Today, Daiichi Sankyo Company announced that its new drug, pexidartinib, significantly reduced the tumor size of patients in phase 3 clinical trials and reached the primary clinical endpoint. The results of this clinical trial support its potential to treat tenosynovioblastoma (TGCT).
Usually Tendon sheath giant cell tumor is a benign tumor that appears in joints and soft tissues. The disease can be divided into two categories. Local tumor is often inert, while the diffuse tumor is more invasive. Because of the delicate location of the disease, the risk of surgery is higher, and the injury for the patient is often greater than the advantage. Therefore, if there is a treatment that does not throuth the operation, it will bring good improvement to the patient's life.
Pexidartinib is the new drug that promises to benefit patients. It is a CSF1R inhibitor . Previous studies have found that ganglion tomoblastoma is driven by over expression of CSF1. Therefore, pexidartinib is expected to control the occurrence of disease from its roots.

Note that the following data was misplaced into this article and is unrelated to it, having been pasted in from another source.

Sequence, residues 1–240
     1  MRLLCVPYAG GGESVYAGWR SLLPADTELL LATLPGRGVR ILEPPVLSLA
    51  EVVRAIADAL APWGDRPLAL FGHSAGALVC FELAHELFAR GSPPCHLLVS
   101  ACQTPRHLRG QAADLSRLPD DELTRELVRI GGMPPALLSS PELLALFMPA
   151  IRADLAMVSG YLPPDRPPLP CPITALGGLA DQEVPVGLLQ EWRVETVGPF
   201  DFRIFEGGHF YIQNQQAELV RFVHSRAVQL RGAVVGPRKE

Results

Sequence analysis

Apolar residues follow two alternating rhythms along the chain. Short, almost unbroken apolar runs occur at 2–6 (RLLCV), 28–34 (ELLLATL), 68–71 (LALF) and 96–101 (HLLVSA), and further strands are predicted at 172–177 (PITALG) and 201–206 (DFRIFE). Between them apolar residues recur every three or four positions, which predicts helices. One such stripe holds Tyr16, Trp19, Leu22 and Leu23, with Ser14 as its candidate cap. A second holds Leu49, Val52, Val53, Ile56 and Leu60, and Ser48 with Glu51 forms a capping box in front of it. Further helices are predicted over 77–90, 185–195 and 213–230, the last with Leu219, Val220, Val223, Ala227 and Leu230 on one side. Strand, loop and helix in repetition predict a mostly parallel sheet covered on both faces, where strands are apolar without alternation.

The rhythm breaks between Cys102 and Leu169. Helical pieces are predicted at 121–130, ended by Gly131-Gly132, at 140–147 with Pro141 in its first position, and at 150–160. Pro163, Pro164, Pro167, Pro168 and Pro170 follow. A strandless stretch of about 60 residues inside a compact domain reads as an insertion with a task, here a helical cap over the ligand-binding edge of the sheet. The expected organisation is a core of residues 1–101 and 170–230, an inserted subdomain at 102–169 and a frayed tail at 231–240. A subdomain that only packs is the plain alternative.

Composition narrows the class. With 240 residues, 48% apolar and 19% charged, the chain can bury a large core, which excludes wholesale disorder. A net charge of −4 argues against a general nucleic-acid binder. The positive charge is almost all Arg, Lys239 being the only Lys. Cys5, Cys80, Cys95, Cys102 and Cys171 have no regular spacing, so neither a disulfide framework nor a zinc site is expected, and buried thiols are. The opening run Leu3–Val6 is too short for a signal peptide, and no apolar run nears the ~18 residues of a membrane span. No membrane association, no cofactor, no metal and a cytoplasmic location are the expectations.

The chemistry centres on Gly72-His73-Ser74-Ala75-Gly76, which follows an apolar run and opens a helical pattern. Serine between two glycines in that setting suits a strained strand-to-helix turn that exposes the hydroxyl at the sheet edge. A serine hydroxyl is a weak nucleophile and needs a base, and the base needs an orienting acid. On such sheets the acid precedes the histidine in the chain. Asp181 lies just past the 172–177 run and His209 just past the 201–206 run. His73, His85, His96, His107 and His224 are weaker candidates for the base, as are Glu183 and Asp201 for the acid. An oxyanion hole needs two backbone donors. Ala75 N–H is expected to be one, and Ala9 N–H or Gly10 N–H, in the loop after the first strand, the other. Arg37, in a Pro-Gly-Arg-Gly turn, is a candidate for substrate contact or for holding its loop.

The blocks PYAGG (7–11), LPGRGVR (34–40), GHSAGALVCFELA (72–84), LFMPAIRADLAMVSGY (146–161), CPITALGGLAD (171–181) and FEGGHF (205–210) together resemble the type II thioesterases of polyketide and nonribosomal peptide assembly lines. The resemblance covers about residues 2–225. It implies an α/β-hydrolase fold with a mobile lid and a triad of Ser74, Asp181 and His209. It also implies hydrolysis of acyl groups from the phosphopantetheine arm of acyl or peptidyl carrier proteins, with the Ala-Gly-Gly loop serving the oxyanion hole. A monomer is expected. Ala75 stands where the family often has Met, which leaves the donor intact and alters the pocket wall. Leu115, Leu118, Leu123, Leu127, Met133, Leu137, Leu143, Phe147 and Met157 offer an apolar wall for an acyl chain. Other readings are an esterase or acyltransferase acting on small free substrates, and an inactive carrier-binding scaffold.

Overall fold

▲ Molecular structure of Pexidartinib (image source: Selleck Chemicals)
In the phase 3 clinical trial called ENLIVEN, the researchers assessed the therapeutic potential of pexidartinib. The trial was divided into two groups, one receiving treatment with pexidartinib and the other receiving a placebo. After 24 weeks, researchers will use techniques such as MRI to assess the patient's recovery. Patients who have completed this stage are eligible to enter the next long-term study and receive the pexidartinib treatment with open labelling.
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